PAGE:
‘I am Mother Holle.’
The woman sounded very kind, so the girl agreed and went to work. She did everything just like the old woman said, and shook her pillow very hard indeed. She lived a good life, and the old woman never told her off.
When she had lived a long time with Mother Holle, she began to feel sad. She could not think why, until she realised that she missed her home. Even though she was a thousand times better off here, she still missed her mother and her sister.
At last she said to Mother Holle, ‘I miss my home, and although I am very well off here, I cannot stay any longer. I must go back to my own home.’
Mother Holle answered, ‘I am happy that you want to go home. As you have served me well, I will send you there!’
She took her hand and led her to a large door, and when the girl walked through it she was showered with gold. The gold covered her whole body and stuck to her.
‘All this is yours, because you worked so hard,’ said Mother Holle. Then she gave her back her spindle, the one she had dropped in the well. And then the door closed, and the little girl found herself back in the world, not far from her mother’s house. As she walked through the garden, the rooster cried:
Our golden girl has come home, too!’
Then she went in to find her mother, who was very happy to see her, as she was covered with gold.
The girl told her the story, and her mother decided she wanted her ugly and lazy daughter to have the same riches. So she sent her to sit by the well and spin.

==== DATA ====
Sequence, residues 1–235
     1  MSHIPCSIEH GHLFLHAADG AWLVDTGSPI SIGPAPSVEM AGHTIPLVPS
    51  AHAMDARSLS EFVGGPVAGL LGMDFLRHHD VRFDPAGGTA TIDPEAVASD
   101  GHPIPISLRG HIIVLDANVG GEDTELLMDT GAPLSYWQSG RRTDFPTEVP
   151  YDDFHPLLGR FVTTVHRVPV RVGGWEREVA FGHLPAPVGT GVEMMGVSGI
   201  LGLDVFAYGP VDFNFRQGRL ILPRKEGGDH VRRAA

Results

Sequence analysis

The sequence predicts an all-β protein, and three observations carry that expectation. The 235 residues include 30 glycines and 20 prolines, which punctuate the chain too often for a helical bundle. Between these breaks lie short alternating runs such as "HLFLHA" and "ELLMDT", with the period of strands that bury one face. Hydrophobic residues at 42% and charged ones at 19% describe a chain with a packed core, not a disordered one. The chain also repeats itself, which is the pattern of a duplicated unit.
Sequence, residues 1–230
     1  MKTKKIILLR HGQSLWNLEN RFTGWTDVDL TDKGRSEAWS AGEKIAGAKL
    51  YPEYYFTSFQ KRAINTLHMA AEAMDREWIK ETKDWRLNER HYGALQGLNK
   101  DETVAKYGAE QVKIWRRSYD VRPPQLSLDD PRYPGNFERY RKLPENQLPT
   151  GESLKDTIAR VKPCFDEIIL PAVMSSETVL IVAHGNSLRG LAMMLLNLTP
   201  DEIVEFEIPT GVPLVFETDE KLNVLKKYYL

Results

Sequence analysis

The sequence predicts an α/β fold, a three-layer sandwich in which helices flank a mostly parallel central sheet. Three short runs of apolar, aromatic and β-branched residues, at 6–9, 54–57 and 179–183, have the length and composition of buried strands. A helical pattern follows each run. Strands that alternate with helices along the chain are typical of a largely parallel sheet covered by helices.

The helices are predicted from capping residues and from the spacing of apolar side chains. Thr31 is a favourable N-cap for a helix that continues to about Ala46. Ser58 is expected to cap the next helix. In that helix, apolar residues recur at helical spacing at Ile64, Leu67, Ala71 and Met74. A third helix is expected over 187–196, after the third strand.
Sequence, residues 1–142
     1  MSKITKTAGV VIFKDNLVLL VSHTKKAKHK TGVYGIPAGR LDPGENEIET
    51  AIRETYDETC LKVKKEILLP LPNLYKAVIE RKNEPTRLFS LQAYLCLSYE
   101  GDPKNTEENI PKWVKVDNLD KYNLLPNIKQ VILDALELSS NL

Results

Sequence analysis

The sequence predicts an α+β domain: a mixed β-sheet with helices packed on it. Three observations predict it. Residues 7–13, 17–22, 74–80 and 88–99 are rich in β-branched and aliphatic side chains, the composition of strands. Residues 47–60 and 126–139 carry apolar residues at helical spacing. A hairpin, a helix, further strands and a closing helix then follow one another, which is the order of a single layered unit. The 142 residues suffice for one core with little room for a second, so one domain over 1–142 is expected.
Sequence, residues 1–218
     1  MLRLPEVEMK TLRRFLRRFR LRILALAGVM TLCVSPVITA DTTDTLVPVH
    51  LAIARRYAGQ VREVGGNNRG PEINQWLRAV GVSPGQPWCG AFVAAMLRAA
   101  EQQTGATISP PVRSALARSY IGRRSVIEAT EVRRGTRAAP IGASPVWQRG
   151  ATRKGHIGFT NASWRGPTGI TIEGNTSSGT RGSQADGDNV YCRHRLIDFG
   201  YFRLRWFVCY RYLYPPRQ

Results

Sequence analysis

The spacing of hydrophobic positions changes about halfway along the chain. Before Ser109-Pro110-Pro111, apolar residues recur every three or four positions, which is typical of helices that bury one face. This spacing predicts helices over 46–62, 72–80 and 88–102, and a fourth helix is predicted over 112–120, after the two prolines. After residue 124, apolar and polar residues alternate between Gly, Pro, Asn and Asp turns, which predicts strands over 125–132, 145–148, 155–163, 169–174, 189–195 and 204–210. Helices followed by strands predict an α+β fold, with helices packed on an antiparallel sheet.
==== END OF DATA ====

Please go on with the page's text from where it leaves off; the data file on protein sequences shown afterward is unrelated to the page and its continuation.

But of course, the girl was lazy, so instead of spinning until her hand bled, she cut her hand with a knife. Then she threw the spindle into the well and jumped in.
She found herself, like her sister, in the beautiful field, and followed the same path.
When she came to the baker’s over, the bread cried out, ‘Oh, take me out, take me out! If you don’t take me out, I will burn!’
But the lazy girl answered, ‘I don’t want to get my hands all black,’ and kept on walking.
Soon she came to the apple tree, who called out, ‘Oh, shake me, shake me! My apples are ready to be eaten!’
But she answered, ‘No way! What if one of your apples falls on my head? It’s too dangerous,’ and she kept on walking.
When she came to Mother Holle’s house she did not feel afraid, as she knew about her huge teeth, and she agreed to help her at once.
The first day, she worked hard, and did everything as Mother Holle said, because she dreamed about the gold she would receive. The second day, however, she started to get lazy, and the third day even more, and finally she did not even get up in the morning. Nor did she shake Mother Holle’s pillow in the right way.
Mother Holle soon grew tired of the girl, and warned her that she would not be staying there for long. This pleased the girl, who thought she would soon get her shower of gold and go home. So she waited until Mother Holle led her to the large door, and she walked through it with her arms held out wide, ready to be showered with gold.
But instead of a shower of gold, a huge kettle full of tar was poured over her.
‘That is the reward for your “help”,’ said Mother Holle, and shut the door.
So the lazy girl came home all covered with tar, and the rooster saw her and cried:
Our dirty girl has come home too!’
And the tar stuck close to her, and never, for the rest of her whole life, could she get it off.